Version: February 27, 2002
I don't the time for a full update right now, but here two important pieces of information
Unlike documents in the generic web format (technically known as html) which can be displayed directly by web browsers (like Netscape or MS Internet Explorer), pdf documents require a special reader or plug-in. However, the Acrobat Reader is distributed for free and it is bundled with many software products, so that for many end users no separate installation is necessary. If the web browser is properly configured, pdf documents will display automatically in a browser window. Also, when properly generated (but often this is not the case) the file size of pdf documents is considerable smaller than documents in .doc (MS Word), .wpd (WordPerfect), or .rtf (an alternative "portable" format). And file size, of course, is an important consideration for delivery via the web (e.g., from course web sites).
While the Acrobat Reader is the most commonly used software to view
pdf documents, there are other viewers (see below). So, one should
distinguish between the pdf
specification and the specific Adobe Acrobat
software. Though Adobe Systems maintains copyright to pdf, it has
granted wide license to use this format for other applications.
MS Word 2000
If MS Word/Office is installed on your computer when you are installing Adobe Acrobat, the "PDFMaker 5 for MS Word" is also installed and a special "Acrobat" button appears on the MS Word tool bar. Using the "PDFMaker" has great advantages as it preserves specific functionality of your Word (.doc) document like bookmarks (internal links) and hyperlinks to web sites. The resulting pdf document (while larger in size) will have the same "clickable links" as the original Word document, so it preserves both page layout and links (while an htm conversion preserve the latter only).
Unfortunately, early on the standard installation of PDFMaker did not work with MS Word XP (2002). Following some advice I located in "Adobe Forums" -- a discussion board for Adobe users -- I was able to make PDFMaker work with Word XP on my station, but the official advice from Microsoft was to wait till Adobe released an updated version (more info from MS on trying to make it work and more warnings). The update to 5.0.5 with improved MS Office integration was released in December 2001.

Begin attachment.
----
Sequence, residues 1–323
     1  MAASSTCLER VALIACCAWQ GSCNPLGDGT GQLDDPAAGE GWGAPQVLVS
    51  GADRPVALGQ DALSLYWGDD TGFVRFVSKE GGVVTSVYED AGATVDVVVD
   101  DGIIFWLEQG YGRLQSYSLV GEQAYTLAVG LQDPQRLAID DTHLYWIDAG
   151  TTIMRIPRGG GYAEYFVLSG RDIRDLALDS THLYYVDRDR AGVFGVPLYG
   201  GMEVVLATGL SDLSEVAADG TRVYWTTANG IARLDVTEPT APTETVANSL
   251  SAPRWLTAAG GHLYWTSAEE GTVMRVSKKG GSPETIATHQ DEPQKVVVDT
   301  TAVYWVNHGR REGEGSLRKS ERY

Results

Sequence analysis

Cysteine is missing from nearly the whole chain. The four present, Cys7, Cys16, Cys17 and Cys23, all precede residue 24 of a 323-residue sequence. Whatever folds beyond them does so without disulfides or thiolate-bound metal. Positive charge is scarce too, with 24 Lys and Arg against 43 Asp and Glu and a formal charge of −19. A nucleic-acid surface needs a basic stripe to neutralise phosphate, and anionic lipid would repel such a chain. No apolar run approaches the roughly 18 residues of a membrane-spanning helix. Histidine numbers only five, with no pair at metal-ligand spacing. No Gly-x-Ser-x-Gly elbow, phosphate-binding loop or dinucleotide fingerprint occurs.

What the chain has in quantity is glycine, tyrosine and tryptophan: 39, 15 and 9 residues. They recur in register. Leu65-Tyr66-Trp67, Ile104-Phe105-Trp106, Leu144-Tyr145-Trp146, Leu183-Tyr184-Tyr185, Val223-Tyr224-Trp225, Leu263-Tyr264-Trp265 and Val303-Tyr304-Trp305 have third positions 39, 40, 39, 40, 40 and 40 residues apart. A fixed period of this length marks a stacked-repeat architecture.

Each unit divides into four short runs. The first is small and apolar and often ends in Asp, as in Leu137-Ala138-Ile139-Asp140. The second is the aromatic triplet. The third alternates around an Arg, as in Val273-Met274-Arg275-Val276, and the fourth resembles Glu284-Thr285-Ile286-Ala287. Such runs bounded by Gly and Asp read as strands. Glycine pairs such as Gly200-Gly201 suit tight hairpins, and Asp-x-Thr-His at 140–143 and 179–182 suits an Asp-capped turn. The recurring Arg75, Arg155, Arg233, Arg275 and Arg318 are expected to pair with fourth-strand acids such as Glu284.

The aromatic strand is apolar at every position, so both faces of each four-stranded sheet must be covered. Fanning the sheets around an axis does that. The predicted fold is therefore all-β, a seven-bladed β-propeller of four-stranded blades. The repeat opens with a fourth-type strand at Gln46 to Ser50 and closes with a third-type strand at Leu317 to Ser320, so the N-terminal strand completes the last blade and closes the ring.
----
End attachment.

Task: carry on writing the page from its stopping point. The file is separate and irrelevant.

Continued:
WordPerfect 9 (2000)
This version of WP comes with its own built-in PDF converter, available from the "File" menu after you have opened a document. No need to have the full Adobe Acrobat installed. This, however, is a basic pdf conversion which will not preserve any links. Links in the original WP document will appear in blue and underlined in the resulting pdf document, but they will only look like links without functioning as such.
Capturing and editing web pages. Version 5.0 now includes the option to capture complete web pages (including graphics) and turn these into a .pdf document to which comments and highlights can be added (example: Hunter College home page as captured pdf document). This is very useful for documenting the specific contents of a web page at a particular point in time, as the contents of many web pages change frequently.
The Acrobat Reader (as well as any pdf viewer) is sufficient to view and save pdf documents found on the web. However, the full Acrobat software lets you extract individual pages and combine pages from different pdf documents into a new one. E.g., to produce a document providing excerpts from several laws and regulations on a particular subject, say "accessibility requirements for software" to comply with the ADA.
Scanning printed documents. Acrobat is also my software of choice when scanning printed materials. Typically, the default settings produce files of reasonable size making additional editing unnecessary. However, the initial file is an "image only" file even if the printed material consists of text only. This means that the text is stored as an image and that such a pdf document can not be searched for text strings. The consequence is a fairly large file size and considerable lack of convenience.